Henbit (Lamium amplexicaule)
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Henbit is a widespread winter annual or sometimes biennial broadleaf plant. Except for the Great Basin and deserts, it is found throughout California to about 2600 feet (800 m). Dense infestations in winter crops can reduce crop yield significantly. Henbit inhabits agricultural land, open or managed, turf, disturbed sights such as roadsides, and landscaped areas.
Open places in managed forests, agronomic and vegetable crop fields, orchards, vineyards, gardens, lawns, landscaped areas, fields, pastures, roadsides and other disturbed, unmanaged areas.
Cotyledons (seed leaves) are oval to nearly round, with a round to sharply lobed base, and a squared to slightly indented tip. They have smooth edges and hairy stalks. The first and subsequent leaves are somewhat hairy and broadly oval, with a lobed base, depressed veins, and rounded teeth on the edge.
Mature plants can grow to 1.3 feet (0.4 m) tall. Stems are square in cross-section and often branch near the base. Leaves are roughly 2/5 to 1 inch (1–2.5 cm) long, sparsely hairy, and broadly egg shaped or heart shaped to nearly round. Middle and upper leaves are stalkless with lobed to truncate bases, a rounded tip, and a round-toothed to weakly lobed edge. Lower leaves are on stalks.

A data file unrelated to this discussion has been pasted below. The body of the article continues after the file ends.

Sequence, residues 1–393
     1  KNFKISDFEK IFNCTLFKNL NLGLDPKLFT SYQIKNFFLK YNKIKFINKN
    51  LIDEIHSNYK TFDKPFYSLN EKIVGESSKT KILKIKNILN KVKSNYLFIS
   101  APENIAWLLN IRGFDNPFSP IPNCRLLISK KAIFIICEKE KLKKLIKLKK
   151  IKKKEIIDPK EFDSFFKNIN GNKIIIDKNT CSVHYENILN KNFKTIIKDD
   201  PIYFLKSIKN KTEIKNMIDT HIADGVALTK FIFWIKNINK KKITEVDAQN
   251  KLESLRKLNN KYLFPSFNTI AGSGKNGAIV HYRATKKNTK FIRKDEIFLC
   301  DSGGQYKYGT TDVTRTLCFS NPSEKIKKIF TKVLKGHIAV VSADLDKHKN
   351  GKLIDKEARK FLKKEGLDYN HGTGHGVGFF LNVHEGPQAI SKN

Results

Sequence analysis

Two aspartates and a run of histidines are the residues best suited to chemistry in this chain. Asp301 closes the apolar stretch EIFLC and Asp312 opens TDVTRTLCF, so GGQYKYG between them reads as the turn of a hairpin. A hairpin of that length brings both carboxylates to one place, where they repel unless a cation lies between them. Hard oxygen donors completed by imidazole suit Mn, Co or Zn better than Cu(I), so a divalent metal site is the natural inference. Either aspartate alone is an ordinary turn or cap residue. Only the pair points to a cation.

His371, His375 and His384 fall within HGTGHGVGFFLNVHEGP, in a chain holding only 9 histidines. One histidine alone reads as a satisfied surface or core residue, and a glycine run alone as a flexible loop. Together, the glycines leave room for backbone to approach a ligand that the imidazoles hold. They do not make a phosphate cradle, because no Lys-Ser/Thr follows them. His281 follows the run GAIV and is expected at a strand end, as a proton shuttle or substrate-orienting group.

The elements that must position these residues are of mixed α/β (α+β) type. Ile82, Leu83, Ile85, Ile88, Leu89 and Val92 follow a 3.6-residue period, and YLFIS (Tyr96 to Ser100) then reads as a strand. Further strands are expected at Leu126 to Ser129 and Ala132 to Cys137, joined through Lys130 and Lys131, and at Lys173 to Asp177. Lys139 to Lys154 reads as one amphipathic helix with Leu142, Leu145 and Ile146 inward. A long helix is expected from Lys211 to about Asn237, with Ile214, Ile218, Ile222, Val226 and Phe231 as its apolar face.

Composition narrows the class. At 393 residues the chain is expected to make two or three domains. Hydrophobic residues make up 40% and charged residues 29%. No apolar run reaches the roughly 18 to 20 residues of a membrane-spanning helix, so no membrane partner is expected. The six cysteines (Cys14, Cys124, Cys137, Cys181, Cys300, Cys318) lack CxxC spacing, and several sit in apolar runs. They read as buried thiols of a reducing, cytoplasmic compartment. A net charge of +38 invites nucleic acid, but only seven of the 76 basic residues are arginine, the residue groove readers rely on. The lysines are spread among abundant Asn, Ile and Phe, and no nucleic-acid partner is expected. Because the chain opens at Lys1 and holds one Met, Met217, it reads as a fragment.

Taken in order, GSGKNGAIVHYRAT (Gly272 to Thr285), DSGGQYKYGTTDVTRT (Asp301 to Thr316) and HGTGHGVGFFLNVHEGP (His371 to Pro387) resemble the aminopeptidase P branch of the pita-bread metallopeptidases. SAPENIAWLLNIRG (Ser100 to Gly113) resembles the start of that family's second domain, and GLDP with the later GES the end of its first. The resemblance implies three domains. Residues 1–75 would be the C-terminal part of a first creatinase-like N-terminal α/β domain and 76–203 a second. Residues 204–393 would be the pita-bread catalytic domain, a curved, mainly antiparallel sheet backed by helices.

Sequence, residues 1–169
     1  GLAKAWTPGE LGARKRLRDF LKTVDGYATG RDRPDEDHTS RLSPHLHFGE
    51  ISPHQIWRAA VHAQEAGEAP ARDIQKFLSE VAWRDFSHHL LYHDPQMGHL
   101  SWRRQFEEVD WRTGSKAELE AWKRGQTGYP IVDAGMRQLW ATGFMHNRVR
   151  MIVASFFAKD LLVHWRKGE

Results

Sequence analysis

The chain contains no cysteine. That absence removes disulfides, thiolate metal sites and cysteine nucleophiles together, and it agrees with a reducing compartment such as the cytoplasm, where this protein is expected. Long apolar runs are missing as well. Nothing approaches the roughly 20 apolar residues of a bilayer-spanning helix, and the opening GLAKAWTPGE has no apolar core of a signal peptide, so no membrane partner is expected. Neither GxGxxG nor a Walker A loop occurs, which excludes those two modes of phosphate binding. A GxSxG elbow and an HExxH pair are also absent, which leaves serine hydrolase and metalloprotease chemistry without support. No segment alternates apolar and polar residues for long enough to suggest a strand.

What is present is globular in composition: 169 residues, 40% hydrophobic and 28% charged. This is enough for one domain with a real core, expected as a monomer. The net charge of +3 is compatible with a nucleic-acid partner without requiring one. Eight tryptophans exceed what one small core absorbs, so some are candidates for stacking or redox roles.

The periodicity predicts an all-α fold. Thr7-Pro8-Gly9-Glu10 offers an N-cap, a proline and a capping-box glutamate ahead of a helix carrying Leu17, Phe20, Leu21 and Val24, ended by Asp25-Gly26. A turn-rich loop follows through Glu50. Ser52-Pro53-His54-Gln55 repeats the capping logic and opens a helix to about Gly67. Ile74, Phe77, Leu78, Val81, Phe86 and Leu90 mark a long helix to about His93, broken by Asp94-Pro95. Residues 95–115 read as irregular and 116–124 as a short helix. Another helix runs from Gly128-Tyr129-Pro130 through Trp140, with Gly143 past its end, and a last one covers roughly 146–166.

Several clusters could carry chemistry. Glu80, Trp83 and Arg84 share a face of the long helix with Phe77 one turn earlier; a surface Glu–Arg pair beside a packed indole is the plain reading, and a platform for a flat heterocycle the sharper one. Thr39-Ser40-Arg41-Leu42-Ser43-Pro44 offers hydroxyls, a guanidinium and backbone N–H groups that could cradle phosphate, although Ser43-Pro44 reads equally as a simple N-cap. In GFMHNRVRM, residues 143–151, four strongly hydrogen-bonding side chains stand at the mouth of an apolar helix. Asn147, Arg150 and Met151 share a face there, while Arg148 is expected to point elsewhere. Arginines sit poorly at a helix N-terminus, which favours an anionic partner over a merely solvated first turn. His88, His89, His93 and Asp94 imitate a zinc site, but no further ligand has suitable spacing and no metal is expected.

Flowers bloom from March through August. Flower clusters are arranged in whorls at the bases of upper leaves. Individual flowers are slender, reddish or purplish, tubular, two-lipped, and 1/2 to 3/4 of an inch (13–19 mm) long. Some plants are self-pollinated and have small flowers that do not open.
The fruits are comprised of four nutlets contained in a tubelike structure (sepal tube).
The seeds or nutlets are brown, tiny, and triangular in cross-section and have a rounded to squared tip and a long tapering base.
Reproduces by seed.